Low-income people suffer the most with the state’s inflexible laws
by Sana Saleem
A lawsuit filed in the Alameda County Superior Court on Tuesday argues that the state of California has illegally suspended licenses of more than 600,000 drivers who can’t afford to pay their increasingly expensive traffic tickets. The lawsuit argues that despite an amnesty program that was supposed to address the problem low-income families bear the brunt of exhorbitant fines they can’t afford to pay and end up losing their licenses.
Brown and state lawmakers reduced fees for tickets issued before 2013. The move allowed many drivers to go back on the road. But the lawsuit argues that despite the reduced fee the state is still penalizing hundreds of thousands of former motorists for being poor.
“The consequences of losing a license are really severe. People need to commute to work, for medical appointments or to take their children to school. The state of California has been charging people an exorbitant amount on traffic violations which is largely effecting the poor,” said Rebekah Evenson of Bay Area Legal Aid, lead attorney in the case.
Evenson said that the lawsuit is aiming to make the process more fair for poor people and that there were many ways in which the state could accommodate low-income individuals like providing them with an option to do community service or pay their ticket in easy monthly installments.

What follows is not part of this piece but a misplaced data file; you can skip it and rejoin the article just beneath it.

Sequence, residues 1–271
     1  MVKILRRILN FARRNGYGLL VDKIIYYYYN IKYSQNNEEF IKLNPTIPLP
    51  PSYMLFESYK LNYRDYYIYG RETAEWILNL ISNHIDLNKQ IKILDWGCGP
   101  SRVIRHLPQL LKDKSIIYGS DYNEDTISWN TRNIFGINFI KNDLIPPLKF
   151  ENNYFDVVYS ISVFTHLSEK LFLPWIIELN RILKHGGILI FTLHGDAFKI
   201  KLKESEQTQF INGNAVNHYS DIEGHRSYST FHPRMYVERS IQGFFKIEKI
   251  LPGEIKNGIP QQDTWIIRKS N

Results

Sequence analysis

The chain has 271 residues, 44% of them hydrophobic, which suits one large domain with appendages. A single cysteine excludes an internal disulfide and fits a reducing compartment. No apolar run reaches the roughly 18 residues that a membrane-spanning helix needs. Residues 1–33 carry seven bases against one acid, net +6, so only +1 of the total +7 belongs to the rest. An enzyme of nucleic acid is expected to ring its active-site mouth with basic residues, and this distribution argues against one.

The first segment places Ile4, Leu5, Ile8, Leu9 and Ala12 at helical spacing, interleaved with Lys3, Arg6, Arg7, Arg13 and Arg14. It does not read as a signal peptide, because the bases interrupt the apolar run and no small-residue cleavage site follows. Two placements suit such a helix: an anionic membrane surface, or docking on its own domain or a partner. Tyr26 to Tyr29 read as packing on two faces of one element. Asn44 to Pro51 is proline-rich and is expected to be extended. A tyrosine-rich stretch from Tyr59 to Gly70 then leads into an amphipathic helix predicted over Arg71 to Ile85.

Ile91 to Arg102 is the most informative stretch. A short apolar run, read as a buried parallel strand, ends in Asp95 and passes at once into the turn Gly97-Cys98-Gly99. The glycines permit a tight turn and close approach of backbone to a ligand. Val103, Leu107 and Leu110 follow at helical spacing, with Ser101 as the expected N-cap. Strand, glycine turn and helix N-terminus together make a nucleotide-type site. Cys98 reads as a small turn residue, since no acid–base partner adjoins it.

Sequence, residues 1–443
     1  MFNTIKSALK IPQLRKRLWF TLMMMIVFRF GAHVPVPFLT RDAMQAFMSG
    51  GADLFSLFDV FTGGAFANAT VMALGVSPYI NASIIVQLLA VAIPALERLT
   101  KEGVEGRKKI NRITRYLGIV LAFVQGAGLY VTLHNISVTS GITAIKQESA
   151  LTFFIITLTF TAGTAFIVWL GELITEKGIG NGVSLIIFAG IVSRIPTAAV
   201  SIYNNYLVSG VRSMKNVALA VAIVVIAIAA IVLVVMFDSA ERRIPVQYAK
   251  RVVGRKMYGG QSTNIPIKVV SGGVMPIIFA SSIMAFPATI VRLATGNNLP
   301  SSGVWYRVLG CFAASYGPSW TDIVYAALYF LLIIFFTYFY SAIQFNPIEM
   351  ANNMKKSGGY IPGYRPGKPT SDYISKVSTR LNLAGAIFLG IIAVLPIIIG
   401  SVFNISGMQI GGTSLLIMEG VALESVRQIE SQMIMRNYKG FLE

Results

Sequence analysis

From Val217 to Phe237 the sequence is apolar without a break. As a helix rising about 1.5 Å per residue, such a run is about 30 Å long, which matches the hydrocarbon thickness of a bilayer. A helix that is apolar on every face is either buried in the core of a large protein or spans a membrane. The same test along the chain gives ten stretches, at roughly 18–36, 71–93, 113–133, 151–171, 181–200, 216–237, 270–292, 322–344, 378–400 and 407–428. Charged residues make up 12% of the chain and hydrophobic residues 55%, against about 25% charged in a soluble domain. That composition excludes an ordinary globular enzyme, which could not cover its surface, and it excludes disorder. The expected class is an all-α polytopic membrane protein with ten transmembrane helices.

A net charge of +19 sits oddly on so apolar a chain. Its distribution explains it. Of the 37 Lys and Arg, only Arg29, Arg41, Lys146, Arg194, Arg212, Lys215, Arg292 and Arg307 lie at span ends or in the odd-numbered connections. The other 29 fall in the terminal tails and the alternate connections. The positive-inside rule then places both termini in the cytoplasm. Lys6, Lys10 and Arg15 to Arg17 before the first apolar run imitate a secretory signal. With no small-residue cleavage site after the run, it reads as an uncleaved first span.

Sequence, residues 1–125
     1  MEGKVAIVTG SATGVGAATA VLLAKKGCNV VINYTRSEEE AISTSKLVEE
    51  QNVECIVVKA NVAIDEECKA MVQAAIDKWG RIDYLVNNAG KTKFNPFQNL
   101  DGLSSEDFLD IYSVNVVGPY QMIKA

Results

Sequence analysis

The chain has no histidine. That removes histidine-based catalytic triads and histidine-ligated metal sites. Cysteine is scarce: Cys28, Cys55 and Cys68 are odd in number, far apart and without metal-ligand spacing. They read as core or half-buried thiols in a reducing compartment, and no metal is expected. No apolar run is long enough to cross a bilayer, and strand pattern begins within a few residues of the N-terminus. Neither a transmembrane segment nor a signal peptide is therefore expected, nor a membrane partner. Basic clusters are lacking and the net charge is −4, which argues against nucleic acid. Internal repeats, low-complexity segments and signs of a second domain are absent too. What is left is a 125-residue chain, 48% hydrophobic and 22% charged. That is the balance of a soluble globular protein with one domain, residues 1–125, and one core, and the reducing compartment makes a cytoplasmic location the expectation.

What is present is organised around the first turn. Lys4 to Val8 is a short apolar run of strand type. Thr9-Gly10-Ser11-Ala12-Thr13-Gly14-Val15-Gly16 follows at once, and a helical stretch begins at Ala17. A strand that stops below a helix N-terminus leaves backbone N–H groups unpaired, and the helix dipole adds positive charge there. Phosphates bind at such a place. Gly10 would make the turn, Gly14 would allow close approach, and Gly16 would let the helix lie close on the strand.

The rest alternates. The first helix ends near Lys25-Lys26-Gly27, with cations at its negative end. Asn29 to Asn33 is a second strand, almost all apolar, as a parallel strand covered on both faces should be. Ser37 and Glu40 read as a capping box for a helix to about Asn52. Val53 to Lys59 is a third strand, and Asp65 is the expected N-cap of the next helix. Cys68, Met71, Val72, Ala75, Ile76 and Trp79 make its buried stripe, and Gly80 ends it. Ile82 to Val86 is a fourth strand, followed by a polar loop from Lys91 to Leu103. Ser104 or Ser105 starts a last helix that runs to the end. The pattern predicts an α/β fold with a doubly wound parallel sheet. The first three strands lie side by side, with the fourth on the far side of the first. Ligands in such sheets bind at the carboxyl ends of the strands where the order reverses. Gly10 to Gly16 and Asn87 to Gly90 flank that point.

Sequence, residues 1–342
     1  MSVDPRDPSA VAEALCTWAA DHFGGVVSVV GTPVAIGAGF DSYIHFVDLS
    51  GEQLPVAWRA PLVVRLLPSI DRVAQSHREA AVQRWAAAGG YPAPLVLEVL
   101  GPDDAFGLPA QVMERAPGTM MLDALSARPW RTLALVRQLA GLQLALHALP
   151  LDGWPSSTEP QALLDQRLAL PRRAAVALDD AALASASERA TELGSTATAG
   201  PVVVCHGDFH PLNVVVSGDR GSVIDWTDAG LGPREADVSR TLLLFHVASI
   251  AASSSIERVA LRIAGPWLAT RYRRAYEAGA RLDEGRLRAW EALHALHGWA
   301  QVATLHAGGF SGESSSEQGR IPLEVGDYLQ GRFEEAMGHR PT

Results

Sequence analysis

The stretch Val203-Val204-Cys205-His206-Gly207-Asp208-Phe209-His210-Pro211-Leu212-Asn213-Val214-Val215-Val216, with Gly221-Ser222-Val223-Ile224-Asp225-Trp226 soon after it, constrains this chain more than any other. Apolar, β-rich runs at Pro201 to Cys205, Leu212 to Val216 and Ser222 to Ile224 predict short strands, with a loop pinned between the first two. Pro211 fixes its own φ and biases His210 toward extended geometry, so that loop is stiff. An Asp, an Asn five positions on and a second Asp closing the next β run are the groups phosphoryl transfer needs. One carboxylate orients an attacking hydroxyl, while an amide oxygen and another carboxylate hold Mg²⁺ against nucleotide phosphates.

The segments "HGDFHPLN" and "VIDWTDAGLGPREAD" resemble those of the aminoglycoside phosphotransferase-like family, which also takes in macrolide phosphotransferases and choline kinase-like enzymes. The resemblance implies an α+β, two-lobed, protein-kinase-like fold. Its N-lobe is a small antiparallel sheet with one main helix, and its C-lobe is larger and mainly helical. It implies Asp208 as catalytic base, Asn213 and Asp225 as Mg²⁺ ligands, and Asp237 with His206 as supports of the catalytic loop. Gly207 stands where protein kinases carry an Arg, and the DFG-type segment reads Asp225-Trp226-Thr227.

“No one should be forced to choose between keeping their driver’s license and putting food on the table for their family,” she said. Evenson also noted that the tickets also disproportionately impact people of color: “You have to see who gets stopped by the police more often” she said noting that while the license suspension, for not paying your fine and being unable to appear in court, is indefinite the penalties for Driving Under Influence are far shorter.
The law allows the DMV to suspend a license only for “willfully” failing to pay a fine or appear in court not for failing to pay sums you can’t afford. The lawsuits argues that the state’s enforcement policy is unconstitutional and violates state statues.
Guillermo Hernández is the lead plaintiff in the case. Hernandez, a Contra Costa County resident was ticketed in March 2013 because he lacked a valid registration and hadn’t updated the address on his license, the suit said. Hernández who was out of work since his small business shut down, could afford only $200 of the $900 he owed in fines and fees, and his license was suspended, the suit said.
The lawsuit is arguing that the traffic court failed to notify Hernández of his right to show that he could not afford to pay the fine before his license was suspended.